This is when Deicey stepped in… and offered to return some of the money I had paid them, so I could buy more from Lisa… if I agreed to wire them the money when I returned to the mainland. This was getting weird. It was all too bizarre and awkward for me to handle.


I didn’t mean to be rude… but no. The last thing I needed was the hassle of wiring money. I had enough problems in my life trying to withdraw funds… let alone send it across the country for a few pieces of colourful, hand-sewn fabric. No.

My refusal didn’t deter anyone and Lisa agreed to drop the price to $20 each, on the condition I bought two.

Everyone was staring at me. I had nowhere to go. The pressure was as heavy as my ludicrous sense of obligation.


I grudgingly handed over $40 and took two pieces of material. I had not even been in the San Blas Islands for 1 hour and I had already rid myself of all possible spending money. All for the sake of two potential pillow covers.


I was even less elated when we arrived at a small, yet inhabitated island, and the elderly couple there were selling equally creative Mola art for $10 each.

Having just had my computer and camera stolen, I was hardly in the mood to be mistaken as a rich tourist and swindled.

And that’s exactly what I was… swindled.

This is one of the difficulties of travelling - putting your naive faith into people you fully believe should have your best interest at heart. I know better. Everyone in the tourism industry is out for themselves and everyone works off commission.

In the defence of Jorge and Deicey, they had no intention of originally taking me to that particular island. That was not one of their scheduled stops. But… when I first arrived, I told them the names of the islands I would be staying at after the sailing trip… and they just happened to be the exact same ones they were planning on visiting with me. Everything had to change,

thanks again, Paola…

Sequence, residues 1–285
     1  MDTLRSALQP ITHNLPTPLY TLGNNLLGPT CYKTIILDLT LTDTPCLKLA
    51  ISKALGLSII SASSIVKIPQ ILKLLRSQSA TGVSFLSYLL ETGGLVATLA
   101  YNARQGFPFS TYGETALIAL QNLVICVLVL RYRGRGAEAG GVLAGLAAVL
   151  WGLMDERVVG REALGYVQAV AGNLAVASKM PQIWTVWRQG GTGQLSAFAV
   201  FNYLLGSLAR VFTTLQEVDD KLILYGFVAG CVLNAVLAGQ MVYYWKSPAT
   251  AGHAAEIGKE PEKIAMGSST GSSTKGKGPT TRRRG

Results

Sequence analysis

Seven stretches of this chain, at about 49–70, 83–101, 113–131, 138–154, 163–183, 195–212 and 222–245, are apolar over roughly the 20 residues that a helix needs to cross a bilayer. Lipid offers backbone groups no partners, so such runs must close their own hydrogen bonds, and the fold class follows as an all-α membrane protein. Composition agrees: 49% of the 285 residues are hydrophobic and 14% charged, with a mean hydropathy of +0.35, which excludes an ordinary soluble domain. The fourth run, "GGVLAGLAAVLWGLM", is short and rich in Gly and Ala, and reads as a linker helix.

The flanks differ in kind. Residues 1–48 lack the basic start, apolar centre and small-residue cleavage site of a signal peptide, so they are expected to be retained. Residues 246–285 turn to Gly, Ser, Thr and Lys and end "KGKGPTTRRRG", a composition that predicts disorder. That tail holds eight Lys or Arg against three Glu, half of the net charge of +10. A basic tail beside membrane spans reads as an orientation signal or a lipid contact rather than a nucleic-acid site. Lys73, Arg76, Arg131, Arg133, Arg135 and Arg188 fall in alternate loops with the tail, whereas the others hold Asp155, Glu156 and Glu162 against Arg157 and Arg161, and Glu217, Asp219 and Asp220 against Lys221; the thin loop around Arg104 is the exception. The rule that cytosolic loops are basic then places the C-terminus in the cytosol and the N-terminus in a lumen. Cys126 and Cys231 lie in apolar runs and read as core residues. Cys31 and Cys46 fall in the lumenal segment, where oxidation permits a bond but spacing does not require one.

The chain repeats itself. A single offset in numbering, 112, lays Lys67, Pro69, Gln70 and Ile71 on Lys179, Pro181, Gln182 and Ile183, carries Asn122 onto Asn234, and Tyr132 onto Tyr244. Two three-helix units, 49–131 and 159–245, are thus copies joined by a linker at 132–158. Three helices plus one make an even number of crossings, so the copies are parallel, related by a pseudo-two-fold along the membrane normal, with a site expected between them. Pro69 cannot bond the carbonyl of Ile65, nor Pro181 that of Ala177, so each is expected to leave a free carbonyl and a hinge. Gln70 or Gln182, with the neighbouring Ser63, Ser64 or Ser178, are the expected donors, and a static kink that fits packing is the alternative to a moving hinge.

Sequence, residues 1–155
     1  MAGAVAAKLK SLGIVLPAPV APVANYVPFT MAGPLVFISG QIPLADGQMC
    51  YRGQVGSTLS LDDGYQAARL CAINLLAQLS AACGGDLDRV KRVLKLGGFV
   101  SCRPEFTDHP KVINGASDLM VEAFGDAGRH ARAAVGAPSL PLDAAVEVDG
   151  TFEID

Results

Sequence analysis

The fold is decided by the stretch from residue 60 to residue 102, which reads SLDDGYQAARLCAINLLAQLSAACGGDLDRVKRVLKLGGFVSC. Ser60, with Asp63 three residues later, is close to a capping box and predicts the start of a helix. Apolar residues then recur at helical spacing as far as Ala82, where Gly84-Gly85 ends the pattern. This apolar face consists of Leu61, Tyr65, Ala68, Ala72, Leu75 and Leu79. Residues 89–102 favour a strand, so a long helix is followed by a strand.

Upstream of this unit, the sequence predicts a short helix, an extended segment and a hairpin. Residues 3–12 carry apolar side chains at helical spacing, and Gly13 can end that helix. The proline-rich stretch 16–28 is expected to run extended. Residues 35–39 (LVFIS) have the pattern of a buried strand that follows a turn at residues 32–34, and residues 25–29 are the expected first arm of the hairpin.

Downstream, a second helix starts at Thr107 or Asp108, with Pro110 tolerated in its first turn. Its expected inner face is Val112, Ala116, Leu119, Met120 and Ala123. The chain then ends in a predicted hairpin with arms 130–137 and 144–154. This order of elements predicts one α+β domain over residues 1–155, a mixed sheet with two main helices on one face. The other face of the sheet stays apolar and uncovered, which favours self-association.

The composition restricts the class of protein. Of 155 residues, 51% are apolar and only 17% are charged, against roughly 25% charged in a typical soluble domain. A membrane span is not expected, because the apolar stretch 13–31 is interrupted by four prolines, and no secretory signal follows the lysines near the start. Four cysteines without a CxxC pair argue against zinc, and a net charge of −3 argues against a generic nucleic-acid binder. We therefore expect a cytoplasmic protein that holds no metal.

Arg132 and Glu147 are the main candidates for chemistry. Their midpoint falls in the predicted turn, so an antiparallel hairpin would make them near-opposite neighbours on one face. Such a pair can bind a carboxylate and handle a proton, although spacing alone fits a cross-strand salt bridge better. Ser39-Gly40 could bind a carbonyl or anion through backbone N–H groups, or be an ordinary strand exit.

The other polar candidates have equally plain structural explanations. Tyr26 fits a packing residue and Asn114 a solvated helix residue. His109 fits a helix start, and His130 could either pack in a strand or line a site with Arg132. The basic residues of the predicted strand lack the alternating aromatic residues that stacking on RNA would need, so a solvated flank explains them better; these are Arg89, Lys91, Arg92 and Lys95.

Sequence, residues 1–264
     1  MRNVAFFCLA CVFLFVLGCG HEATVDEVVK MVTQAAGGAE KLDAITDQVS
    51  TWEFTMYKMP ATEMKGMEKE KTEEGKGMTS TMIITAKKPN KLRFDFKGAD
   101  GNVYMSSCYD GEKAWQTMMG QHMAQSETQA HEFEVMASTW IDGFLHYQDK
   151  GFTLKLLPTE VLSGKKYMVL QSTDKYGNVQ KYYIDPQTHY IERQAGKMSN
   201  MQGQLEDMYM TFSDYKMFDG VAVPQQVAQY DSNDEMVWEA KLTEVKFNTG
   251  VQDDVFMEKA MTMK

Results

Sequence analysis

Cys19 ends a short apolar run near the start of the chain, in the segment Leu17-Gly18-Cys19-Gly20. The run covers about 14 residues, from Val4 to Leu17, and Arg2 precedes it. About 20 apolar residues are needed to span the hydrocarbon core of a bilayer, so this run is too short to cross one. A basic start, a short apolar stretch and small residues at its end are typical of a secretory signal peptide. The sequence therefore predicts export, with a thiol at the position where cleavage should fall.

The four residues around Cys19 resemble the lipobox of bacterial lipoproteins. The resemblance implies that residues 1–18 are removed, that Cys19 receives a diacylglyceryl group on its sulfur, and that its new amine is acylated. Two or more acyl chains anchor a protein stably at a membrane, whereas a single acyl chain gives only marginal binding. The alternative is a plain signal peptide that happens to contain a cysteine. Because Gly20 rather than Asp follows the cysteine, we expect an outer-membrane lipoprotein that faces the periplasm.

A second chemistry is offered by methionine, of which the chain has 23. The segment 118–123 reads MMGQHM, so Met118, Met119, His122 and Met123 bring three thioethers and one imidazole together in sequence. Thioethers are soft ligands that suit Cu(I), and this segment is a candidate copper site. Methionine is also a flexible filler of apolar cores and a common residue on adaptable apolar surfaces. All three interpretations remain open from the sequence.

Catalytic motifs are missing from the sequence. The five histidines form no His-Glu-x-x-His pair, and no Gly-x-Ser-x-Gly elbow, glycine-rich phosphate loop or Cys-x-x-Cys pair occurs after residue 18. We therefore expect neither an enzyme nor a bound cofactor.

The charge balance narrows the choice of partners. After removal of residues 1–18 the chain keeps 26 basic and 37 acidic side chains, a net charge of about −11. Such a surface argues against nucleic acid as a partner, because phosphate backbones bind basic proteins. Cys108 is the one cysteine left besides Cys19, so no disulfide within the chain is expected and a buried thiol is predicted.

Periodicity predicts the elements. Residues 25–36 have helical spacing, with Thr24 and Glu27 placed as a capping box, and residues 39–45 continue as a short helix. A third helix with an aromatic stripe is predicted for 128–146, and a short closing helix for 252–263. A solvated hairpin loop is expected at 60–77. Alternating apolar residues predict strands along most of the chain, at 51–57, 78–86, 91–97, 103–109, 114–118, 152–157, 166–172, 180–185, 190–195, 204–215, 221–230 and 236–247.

The one thing I had requested when attempting to book accommodation, was to ensure I would be at different islands than those being visited during my sailing venture. Guess she didn’t understand that part… or just didn’t care.

The latter… more than likely.

After a quick swim and a walk around the two adjoining islands, we went back to the boat for a red snapper & rice lunch. It was during our little seafood feast, they told me a Chilean woman and her 8 year old son would be joining ship the following day.

Excuse me?

More people?

MORE people?


For a ship that had been initially describe to me as being quite large, it was definitely not large enough for four adults and two rambunctious young children.

I have to say it again… thanks for all the information, Paola

What was presented to me… and what I had paid for… as an all-inclusive sailing charter, quickly turned into a full-on nightmare. Two days of discovering the most beautiful and undiscovered islands in the Caribbean Sea transformed into;

~ Horrendous weather.

~ Noisy and unruly children running from bow to stern, tossing their toys about and playing video games at full volume.

~ A chain smoker with a permanent seat, allowing all her cigarette smoke to waft into my insignificant cabin.

Due to the severity of the tropical storms that continued to plague these picturesque islands, we were unable to sail very much, and ended up remaining in one location for almost the entire duration of my time on board.

I was utterly at the mercy of too many people, children and their excessive noise, billowing second-hand smoke and the overwhelming & foul odour of motor exhaust. If I wanted to escape at all, I had to retire to the confines of my tiny cabin and just lie there, wishing my headache and my sea-swaying schooner stint away.


Many of my photos were taken in the momentary lapses of decent weather… though they were fleeting.

I spent more time on the original island than any other. Jorge enjoyed going there for a beer, and if I had any inclination of leaving the vessel, that was my only opportunity.

Four times.

I should’ve just booked here… would have saved myself a boatload of money… literally.

Karen, the Chilean woman, was absolutely enamoured with her own perceived attractiveness, and fancied herself somewhat of a glamorous Instagram model. If she wasn‘t smoking, she was enthralled in the process of achieving the perfect selfie. Believe me… there were thousands of attempts and positions. It was nauseating to watch. At one point, I even offered to take a photo for her… and OF her, of course. When I had finished and went to return the phone, she rapidly instructed me to take more. She obviously wasn’t done and I suddenly was thrown into the role of her own personal photographer… because she “likes a lot of photos of herself.”

Her camera roll proved this.

Yes… Jorge and Deicey were lovely people.

Yes… we ate fresh red snapper, lobster and octopus.

Yes… I saw a manta ray, a turtle and a starfish.

Yes… I was on a boat.

Yes… I was in the San Blas Islands.

Yes… when the rain stopped, everything was idyllic.

BUT… I was not allowed to poo.

Their toilet was broken so it wasn’t recommended. Try telling THAT to your body after copious amounts of beer, seafood, coffee and beans…

Now the pressure was really on…

Thanks, Paola…